Nursing home elopement in Maryland is when a resident leaves a nursing home without supervision or permission. It’s a dangerous and life-threatening issue that puts the resident at risk. Nursing home elopement occurs for several reasons, including confusion, wandering and disorientation.
Risks associated with elopement
Nursing home elopement is dangerous because elderly residents are vulnerable. Elderly residents who wander away can get lost or hurt. They can become exposed to bad weather, become crime victims or even be killed. There have been elder law cases involving families dealing with the aftermath of elopement incidents.
Nursing homes can consider providing activities that will keep residents entertained. Physical activities and social interactions might keep a person with dementia or Alzheimer’s from wandering.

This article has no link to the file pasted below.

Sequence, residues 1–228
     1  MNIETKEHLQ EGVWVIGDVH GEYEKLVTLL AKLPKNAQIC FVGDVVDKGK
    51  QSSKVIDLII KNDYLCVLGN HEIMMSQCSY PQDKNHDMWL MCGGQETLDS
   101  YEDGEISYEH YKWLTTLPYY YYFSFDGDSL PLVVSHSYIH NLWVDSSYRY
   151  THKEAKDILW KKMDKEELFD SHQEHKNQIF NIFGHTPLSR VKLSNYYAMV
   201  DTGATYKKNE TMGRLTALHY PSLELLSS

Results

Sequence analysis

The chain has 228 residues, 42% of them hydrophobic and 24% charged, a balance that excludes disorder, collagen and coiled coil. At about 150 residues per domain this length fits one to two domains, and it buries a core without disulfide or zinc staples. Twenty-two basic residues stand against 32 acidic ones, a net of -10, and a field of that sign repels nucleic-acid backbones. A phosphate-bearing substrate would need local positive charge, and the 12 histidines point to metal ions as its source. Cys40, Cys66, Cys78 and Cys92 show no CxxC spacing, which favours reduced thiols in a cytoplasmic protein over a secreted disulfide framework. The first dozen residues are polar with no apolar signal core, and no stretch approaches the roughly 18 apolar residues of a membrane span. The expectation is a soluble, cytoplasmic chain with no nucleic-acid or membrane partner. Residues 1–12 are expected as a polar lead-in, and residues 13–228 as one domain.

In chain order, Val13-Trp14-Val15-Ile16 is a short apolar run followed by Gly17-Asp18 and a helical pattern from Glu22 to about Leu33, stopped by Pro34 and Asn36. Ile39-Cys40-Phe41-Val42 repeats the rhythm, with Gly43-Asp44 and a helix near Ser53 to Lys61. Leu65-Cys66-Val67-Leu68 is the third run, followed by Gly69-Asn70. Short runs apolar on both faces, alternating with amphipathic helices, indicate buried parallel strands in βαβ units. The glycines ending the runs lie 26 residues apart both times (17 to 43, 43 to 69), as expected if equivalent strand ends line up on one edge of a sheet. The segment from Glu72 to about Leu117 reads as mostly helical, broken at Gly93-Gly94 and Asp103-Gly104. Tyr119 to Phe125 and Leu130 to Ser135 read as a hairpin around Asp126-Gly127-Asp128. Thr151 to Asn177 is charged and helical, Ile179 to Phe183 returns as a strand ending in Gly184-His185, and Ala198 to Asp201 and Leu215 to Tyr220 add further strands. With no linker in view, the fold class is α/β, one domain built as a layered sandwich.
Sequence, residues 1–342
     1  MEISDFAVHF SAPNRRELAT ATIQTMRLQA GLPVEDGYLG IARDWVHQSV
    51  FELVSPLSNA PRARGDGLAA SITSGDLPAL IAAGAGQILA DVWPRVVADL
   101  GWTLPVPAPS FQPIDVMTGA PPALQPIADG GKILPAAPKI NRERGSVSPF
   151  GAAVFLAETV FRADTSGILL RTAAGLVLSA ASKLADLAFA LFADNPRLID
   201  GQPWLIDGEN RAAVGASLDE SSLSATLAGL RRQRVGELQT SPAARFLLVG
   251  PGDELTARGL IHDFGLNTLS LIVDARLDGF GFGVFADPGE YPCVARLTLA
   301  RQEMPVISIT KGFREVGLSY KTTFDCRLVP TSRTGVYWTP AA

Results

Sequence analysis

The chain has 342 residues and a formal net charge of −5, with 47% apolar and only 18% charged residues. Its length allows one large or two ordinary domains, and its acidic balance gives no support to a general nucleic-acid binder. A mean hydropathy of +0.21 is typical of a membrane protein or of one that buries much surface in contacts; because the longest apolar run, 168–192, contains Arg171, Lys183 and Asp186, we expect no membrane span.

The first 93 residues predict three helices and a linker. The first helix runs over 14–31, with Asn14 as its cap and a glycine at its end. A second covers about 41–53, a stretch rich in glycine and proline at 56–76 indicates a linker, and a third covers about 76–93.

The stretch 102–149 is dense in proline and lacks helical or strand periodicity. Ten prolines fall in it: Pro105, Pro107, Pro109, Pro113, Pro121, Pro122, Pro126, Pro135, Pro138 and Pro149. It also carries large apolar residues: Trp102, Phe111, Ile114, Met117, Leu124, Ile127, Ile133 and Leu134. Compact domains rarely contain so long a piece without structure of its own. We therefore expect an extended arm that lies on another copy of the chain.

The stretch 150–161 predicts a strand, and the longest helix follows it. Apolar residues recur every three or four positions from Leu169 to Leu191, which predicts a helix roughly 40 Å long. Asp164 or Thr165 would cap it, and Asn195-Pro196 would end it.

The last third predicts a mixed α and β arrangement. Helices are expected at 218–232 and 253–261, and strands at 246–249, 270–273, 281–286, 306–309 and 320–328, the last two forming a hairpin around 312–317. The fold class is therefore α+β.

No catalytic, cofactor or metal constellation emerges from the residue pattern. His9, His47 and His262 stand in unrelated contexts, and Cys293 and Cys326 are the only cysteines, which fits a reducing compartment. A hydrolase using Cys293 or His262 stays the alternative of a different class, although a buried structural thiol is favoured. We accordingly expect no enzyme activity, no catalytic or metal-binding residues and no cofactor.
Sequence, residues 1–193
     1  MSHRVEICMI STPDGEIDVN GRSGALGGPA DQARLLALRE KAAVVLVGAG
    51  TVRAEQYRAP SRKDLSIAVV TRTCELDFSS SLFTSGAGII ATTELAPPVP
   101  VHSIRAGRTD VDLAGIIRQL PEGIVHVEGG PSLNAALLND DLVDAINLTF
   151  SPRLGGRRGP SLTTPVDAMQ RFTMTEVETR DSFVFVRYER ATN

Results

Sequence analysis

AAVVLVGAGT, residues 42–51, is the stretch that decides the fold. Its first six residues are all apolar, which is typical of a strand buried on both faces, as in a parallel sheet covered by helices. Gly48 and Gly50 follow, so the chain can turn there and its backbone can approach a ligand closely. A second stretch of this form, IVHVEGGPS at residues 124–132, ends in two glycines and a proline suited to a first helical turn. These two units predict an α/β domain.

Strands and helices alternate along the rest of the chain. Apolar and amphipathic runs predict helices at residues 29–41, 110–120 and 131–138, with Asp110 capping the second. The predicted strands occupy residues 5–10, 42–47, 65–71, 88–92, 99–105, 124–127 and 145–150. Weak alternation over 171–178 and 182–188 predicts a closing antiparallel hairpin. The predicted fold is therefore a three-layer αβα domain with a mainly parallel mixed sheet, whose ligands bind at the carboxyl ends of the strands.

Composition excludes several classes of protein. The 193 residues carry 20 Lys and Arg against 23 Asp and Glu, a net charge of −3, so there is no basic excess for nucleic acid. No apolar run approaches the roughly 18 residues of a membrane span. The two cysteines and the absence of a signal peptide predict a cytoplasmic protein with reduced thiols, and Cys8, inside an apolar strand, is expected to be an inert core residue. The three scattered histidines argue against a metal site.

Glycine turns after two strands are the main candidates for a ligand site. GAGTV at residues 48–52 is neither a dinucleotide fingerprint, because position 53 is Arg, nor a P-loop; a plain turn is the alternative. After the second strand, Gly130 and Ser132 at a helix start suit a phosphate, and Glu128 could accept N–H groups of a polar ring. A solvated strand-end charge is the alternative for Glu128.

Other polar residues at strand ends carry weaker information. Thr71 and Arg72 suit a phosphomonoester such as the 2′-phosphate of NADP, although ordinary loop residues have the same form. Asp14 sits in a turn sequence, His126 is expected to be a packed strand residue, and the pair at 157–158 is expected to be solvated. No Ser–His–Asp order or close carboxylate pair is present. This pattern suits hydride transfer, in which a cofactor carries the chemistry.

Another possible solution is to install alarms and monitoring systems within the facility. The staff will receive a notification if a resident tries to leave the facility. Staff can then intervene and prevent the resident from eloping.
It also helps educate staff on recognizing signs a resident might elope. For example, the resident might show signs of confusion or restlessness.
Nursing homes should have procedures and policies for dealing with nursing home elopement. Emotions can run high when a resident goes missing. If there’s a clear plan when elopement happens, the staff will know exactly how to handle the situation. Drills and training sessions can also help staff prepare for the real thing.
Nursing home elopement is a potentially life-threatening situation. It’s an issue that staff and family members need to become aware of. But by developing prevention strategies, nursing homes can reduce the risk of elopement and protect the residents.